Having an introverted personality may mean that you prefer to recharge your social batteries alone, but it doesn’t mean your relationships, confidence, or ability to have fun in a group has to suffer because of it. In this column, our Managing Editor is on a mission to change how she sees herself and interacts with the world — from inward reflection to outward actions and breakthroughs both personal and through the lens of others, this is how she’s challenging self-imposed social limitations and pushing the boundaries of her own comfort zones. Welcome to Introverted Tendencies.
If you didn’t post it on social media, did it really happen?
I think it’s safe to say that everybody has a complicated relationship with social media. Yes, it’s a great way to see what your friends are up to and, of course, to update them on your own life, but the all-encompassing digital world can much too easily take the front seat, sometimes leaving real life experiences in the foreground.
Life is what happens when you’re busy making other plans — John Lennon
Having 24/7 access to social media has become an easy tool to distract yourself on the subway or while waiting for a friend, to pull yourself out of an awkward encounter, or to use as a crutch when faced with social interactions and conversations. It’s much easier to take a quick Instagram break than to sit through an awkward silence, after all.
For me, the latter was becoming more and more of an unignorable issue in my life. I would always ensure my phone was fully charged before a party, before drinks with colleagues, even before informal dinners with my closest friends. I also carried an external battery pack, you know, just in case I was away from an outlet for longer than expected.
No matter where I went, my phone was never more than a few inches away from my fingertips — acting as a security blanket should I start feeling awkward, uncomfortable, or starved for something interesting to say.
Despite the fact that using your phone at dinner or midway through a conversation has become socially acceptable, it doesn’t mean it’s a good thing. As someone with introverted tendencies, thanks to my phone, it has become far too easy for me to escape real life when I feel the need to shy away from a social interaction.
In search of a change
It was getting to the point where some of my close friends were commenting on my heavy social media use in front of them — and it was then that I realized I needed to make a change. Why was I even on social media when my closest friends were right in front of me? What could I possibly be looking at that was more important?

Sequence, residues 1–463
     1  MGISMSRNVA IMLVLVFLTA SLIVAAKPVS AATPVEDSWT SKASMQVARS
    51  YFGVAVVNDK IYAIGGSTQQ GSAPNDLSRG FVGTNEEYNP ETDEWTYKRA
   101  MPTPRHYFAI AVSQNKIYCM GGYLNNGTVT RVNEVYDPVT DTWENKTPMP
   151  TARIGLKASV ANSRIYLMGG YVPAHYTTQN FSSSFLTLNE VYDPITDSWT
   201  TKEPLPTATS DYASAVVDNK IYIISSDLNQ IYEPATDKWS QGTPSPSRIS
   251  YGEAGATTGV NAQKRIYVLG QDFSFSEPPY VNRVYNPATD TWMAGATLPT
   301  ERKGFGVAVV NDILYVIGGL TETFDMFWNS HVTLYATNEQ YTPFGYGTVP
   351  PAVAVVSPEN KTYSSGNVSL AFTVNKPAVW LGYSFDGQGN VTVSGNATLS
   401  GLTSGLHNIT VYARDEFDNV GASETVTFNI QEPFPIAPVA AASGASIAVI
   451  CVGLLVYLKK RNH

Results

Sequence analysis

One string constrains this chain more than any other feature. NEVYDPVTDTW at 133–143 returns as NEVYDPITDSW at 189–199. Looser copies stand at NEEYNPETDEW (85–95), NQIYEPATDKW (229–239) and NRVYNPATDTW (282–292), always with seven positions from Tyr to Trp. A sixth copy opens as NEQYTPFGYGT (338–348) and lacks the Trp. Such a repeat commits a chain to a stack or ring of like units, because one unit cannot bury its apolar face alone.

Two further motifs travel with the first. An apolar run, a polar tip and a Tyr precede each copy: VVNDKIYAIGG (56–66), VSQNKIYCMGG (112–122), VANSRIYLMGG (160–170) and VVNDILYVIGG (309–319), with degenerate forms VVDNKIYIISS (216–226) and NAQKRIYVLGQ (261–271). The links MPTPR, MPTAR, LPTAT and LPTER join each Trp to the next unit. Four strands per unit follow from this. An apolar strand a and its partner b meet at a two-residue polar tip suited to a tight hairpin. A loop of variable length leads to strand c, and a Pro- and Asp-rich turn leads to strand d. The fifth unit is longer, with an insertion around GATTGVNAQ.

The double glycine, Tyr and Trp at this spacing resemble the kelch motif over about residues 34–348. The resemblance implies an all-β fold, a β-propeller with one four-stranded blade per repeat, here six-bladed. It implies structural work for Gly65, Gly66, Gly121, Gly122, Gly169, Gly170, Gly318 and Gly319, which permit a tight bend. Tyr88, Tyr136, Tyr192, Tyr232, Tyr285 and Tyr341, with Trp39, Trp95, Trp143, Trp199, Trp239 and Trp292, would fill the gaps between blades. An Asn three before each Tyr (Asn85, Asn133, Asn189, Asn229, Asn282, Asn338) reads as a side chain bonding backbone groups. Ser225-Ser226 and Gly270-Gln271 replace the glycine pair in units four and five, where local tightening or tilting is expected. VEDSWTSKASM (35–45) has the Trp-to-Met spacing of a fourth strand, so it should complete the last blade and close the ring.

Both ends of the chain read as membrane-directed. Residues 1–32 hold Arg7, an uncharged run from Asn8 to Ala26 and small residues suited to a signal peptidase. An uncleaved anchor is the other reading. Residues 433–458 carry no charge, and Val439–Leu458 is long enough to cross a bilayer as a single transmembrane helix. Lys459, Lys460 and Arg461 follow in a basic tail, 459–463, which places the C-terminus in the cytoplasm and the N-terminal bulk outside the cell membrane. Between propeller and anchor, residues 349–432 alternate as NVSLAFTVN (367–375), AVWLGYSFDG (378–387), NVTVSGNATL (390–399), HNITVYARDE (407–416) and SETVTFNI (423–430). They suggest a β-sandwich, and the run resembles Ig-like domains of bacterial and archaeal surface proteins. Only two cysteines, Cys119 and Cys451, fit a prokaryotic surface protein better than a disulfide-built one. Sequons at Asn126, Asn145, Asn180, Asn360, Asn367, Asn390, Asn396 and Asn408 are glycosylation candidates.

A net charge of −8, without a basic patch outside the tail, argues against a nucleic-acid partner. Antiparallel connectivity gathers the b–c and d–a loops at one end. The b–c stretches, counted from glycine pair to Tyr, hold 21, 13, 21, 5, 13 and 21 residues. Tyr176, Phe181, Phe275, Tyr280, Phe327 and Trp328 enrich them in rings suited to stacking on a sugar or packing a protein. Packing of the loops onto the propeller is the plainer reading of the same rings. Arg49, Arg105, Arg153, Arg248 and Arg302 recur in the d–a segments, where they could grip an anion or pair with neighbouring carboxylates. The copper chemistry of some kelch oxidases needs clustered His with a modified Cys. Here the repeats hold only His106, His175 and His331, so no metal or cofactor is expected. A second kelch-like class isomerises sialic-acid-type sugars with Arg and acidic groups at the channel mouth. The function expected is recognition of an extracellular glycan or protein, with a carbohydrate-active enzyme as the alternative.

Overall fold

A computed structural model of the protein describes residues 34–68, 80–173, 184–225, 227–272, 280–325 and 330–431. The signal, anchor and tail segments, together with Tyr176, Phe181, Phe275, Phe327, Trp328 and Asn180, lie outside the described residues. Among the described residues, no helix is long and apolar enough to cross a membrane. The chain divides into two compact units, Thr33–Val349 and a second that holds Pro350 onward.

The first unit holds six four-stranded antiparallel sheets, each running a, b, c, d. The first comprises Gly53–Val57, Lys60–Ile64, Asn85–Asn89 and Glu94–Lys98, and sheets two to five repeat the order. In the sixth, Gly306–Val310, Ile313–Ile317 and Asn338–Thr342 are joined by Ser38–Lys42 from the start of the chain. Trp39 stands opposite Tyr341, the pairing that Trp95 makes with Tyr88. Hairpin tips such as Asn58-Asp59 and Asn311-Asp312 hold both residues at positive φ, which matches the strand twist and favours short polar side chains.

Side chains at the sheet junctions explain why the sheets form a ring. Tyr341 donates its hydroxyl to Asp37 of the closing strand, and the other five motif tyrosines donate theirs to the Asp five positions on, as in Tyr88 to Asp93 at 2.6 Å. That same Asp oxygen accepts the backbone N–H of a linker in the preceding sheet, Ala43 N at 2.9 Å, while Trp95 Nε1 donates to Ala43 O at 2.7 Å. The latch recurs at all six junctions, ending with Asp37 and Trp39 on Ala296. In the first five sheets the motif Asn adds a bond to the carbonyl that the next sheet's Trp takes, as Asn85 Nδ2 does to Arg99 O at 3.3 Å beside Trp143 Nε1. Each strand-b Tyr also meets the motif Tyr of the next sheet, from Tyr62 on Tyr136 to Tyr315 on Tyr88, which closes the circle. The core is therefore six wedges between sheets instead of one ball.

Not one to do things halfway, I decided that instead of putting a time-limit on certain apps or leaving my phone at home when I go for drinks with friends, I would say goodbye to Instagram, Snapchat, Twitter and Facebook and take a trip to Europe with a group of strangers for a fully enforced social media detox.
I joined fifty other travelers on Contiki’s 5-day Mini Balkan trip across Hungary, Slovenia, and Croatia. I knew Contiki was the right travel company for my personal experiment because of their emphasis on real social interactions and forging new friendships — they specifically emphasize that by the end of the trip, everyone should feel comfortable sitting next to anyone from the group around the restaurant dinner table or on the coach.
This concept sounded absolutely terrifying to me, a shy and somewhat awkward introvert, but it’s exactly why I chose to do it for my social media detox.
What if there are awkward silences?
As the date of departure drew closer, I started getting more and more nervous. I found out I would be sharing my hotel rooms with a stranger, so I wouldn’t have alone time to unwind after uninterrupted socializing all day. It also meant that I would need to have conversation starters ready from the time I woke up until the time I went to sleep.
I packed an actual deck of playing cards. I looked up conversation starter questions to have on hand. I was determined to come prepared as to avoid any possible awkward silences that I wouldn’t be able to ease by checking my phone.
Socializing can be exhausting
I arrived in Hungary and realized that the tour leaders at Contiki are extremely quick to try and break the ice among travelers. Much to my chagrin, there was no getting to know everyone over wine or even in a group setting; I had barely met up with the rest of the travelers for an hour before I learned that we were going to get to know everyone via a 2-hour round of one-on-one “speed dating” while our tour bus drove us to the next city.